I love the way one or two edits can say so much, like in the famous 2001 cut from the bone to the space station. My favorite in this one goes from a closeup of an African woman in an elaborate headdress holding her child to a wide helicopter shot of the (L.A. I believe?) freeway system. Then we see an American man completely covered in tattoos lovingly cuddling and kissing his baby daughter. From a tiny village to a sprawling metropolis, but we’re not all that different. Later, after a section about the manufacturing of guns and ammunition, we go back to the African tribe, and now they’re holding rifles. Before they were this exotic beauty, now there’s some threat there.
See, there’s all the beautiful stuff, but then you get into 20 minutes of terror. It starts with chickens as far as the eye can see – fluffy, clean looking chickens, I noticed – getting sucked into some kind of machine. Then it’s a factory assembly line where the carcasses go. We all know where meat comes from, and we’ve seen slaughterhouse footage, but something about this mundane factory setting is upsetting. Huge sows lay next to a pile of shit while all their babies suckle on their nipples. Cut to grown pigs being slit open and having their intestines removed. Before long we watch an overweight family eating at a huge, crowded Burger King. I feel bad for this family. I don’t know if they were told “This is a movie full of gorgeous temples and natural beauty and then you’re gonna be eating burgers to represent the excesses of American culture. It’s gonna be great!”
It gets pretty crazy. It goes from preparing for plastic surgery to painting mannequins to molding sex dolls to auctioning pole dancers. The dancers stand still and are indistinguishable from the sex dolls or the creepy, realistic-ish robots. In the one possibly out of place scene some performance artist dude slams clay all over his face and paints creepy mouths and noses and flips out. (At that point I figured it was Rated PG-13 For Guy Flipping Out With Clay but that was before they showed under-construction sex doll cooch.)
Also there’s a part where they make irons.
There are alot of corny ways you could describe what the movie is. The official websight chose “a nonverbal, guided meditation. Through powerful images, the film illuminates the links between humanity and the rest of nature, showing how our life cycle mirrors the rhythm of the planet.” Which is as good as any. And it says “SAMSARA is a Sanskrit word that means ‘the ever turning wheel of life’.”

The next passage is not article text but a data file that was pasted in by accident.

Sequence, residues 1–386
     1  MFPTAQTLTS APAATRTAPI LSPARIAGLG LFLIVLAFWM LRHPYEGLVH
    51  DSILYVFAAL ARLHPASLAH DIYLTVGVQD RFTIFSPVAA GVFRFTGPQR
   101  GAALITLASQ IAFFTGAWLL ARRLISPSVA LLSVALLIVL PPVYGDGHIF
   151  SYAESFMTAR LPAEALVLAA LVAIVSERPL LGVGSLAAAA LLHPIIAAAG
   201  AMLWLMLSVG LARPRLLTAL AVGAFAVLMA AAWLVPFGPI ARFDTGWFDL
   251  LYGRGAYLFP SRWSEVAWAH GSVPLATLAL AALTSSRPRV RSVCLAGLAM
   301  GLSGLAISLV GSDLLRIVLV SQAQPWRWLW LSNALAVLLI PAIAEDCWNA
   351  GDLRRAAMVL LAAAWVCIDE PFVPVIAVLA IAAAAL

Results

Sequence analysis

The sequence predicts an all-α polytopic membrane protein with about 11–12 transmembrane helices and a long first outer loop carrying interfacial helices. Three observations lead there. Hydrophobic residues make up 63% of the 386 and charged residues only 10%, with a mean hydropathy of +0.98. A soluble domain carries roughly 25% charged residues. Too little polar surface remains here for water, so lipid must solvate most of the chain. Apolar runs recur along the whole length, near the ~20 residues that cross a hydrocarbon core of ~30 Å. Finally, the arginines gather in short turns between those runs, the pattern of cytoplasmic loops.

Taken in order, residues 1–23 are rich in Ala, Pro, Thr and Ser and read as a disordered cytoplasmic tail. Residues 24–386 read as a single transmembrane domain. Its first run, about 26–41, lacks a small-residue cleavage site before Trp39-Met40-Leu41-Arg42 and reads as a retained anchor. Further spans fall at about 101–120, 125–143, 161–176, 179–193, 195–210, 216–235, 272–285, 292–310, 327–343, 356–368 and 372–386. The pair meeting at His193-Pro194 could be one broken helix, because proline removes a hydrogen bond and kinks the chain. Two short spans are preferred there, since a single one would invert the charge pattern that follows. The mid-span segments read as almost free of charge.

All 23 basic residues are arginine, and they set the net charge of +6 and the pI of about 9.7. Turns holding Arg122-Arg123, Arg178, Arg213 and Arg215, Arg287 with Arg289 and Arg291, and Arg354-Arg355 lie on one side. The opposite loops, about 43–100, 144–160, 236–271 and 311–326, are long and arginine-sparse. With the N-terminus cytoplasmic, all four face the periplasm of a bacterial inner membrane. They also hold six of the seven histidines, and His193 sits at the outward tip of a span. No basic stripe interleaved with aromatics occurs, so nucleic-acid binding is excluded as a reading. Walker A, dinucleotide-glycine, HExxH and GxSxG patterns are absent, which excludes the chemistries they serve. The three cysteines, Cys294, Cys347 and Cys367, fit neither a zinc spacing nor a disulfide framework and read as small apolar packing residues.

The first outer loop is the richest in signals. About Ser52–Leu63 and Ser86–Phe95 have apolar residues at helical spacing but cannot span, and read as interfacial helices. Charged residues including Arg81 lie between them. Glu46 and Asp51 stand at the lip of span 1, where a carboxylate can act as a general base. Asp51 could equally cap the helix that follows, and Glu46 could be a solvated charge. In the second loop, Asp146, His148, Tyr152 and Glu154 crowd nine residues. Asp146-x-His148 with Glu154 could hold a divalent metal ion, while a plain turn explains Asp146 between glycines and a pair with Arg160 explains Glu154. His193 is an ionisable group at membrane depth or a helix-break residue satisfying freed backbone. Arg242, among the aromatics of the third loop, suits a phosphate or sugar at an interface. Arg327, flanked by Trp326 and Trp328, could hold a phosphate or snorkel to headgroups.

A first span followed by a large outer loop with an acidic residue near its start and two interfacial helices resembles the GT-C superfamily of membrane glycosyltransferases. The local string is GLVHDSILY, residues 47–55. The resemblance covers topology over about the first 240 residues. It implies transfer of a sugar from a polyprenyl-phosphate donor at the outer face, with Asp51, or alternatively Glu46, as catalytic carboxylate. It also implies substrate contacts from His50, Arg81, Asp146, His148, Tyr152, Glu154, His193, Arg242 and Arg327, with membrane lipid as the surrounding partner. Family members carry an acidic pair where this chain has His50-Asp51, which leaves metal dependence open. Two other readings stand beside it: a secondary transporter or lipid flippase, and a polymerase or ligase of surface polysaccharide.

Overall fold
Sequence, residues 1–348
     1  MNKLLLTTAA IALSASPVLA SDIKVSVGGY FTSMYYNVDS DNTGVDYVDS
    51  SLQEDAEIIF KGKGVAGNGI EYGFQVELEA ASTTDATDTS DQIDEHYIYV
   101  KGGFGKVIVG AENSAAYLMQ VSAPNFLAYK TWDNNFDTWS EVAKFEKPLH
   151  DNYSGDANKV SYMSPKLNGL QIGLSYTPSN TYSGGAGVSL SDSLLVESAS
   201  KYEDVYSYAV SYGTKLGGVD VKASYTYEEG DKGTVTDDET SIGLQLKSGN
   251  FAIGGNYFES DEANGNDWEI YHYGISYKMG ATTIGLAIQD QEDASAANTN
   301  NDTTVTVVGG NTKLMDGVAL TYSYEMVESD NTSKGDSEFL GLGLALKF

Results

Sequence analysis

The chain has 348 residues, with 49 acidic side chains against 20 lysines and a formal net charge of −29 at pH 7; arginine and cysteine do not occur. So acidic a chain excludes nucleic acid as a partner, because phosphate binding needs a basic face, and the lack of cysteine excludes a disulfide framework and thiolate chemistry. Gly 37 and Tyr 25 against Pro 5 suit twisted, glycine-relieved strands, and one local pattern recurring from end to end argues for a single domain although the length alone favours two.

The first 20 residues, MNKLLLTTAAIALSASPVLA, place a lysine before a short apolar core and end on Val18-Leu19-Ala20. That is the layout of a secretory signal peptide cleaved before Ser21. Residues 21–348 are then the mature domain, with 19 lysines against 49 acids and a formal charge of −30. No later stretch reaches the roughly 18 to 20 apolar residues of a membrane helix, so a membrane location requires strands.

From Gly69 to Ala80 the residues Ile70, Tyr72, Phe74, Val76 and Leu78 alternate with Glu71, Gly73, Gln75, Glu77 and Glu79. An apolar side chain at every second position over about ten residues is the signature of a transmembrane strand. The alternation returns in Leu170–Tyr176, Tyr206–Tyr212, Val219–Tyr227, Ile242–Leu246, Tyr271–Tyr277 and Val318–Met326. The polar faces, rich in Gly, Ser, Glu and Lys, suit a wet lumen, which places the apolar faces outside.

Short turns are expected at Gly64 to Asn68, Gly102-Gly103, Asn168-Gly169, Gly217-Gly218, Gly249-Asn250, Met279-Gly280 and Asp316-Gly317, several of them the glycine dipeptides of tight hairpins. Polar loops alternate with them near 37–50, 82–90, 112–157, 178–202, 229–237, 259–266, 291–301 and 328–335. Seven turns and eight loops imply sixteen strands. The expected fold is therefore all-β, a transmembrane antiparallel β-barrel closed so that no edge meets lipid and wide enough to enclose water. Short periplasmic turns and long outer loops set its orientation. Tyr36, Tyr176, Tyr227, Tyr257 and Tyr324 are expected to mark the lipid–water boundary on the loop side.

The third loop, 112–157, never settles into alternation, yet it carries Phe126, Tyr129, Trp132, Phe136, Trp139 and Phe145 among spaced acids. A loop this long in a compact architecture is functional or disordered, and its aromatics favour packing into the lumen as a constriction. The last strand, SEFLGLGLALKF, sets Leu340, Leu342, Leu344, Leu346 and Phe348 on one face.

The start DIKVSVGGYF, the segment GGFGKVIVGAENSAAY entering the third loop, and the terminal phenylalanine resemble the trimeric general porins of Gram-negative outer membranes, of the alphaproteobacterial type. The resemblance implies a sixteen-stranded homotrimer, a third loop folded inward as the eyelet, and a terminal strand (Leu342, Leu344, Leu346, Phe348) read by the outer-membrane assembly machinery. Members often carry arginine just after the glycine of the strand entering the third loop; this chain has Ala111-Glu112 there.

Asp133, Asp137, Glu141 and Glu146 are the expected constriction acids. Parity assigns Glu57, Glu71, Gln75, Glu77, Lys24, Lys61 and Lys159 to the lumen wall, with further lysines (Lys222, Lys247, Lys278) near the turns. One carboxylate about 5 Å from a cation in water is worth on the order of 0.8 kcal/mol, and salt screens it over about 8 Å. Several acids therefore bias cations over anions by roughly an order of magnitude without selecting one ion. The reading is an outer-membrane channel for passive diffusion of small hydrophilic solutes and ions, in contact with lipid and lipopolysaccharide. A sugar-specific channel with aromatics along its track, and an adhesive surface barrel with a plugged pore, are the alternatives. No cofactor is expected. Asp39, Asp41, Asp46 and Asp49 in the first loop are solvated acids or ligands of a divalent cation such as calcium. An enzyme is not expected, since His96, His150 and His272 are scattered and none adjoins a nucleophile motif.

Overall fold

To me it’s a beautiful poem. One that doesn’t rhyme, but otherwise a good one. Even with all the fucked up parts it left me thinking what a beautiful world we got here. It’s the shit that Superman would think about before saving the world from a giant comet or something. It makes you want to go to all these places and meet all these people. Even the Burger King family.
And you know what? It’s a non-verbal, non-narrative, not-really-documentary movie, and I sat in a large, full theater and everybody turned off their phones and they shut their fuckin mouths and they watched it and they liked it. And in this day and age that’s as miraculous as anything in the ever turning wheel or whatever.
HUGE ENDING SPOILER at the beginning I was wondering if this picture the monks were making out of colored sand was gonna be somehow preserved. But of course at the end they just sweep it all up. And you realize that this is sort of the wraparound story and the whole fuckin wheel is contained in that picture and all of those places and experiences mix together and become one. The picture is beautiful and temporary, its parts are ancient and colorful, it’s made by a bunch of monks who seem to be enjoying themselves. And then some girls do a dance. SAMSARA, MOTHERFUCKERS.
VERN has been reviewing movies since 1999 and is the author of the books SEAGALOGY: A STUDY OF THE ASS-KICKING FILMS OF STEVEN SEAGAL, YIPPEE KI-YAY MOVIEGOER!: WRITINGS ON BRUCE WILLIS, BADASS CINEMA AND OTHER IMPORTANT TOPICS and NIKETOWN: A NOVEL. His horror-action novel WORM ON A HOOK will arrive later this year.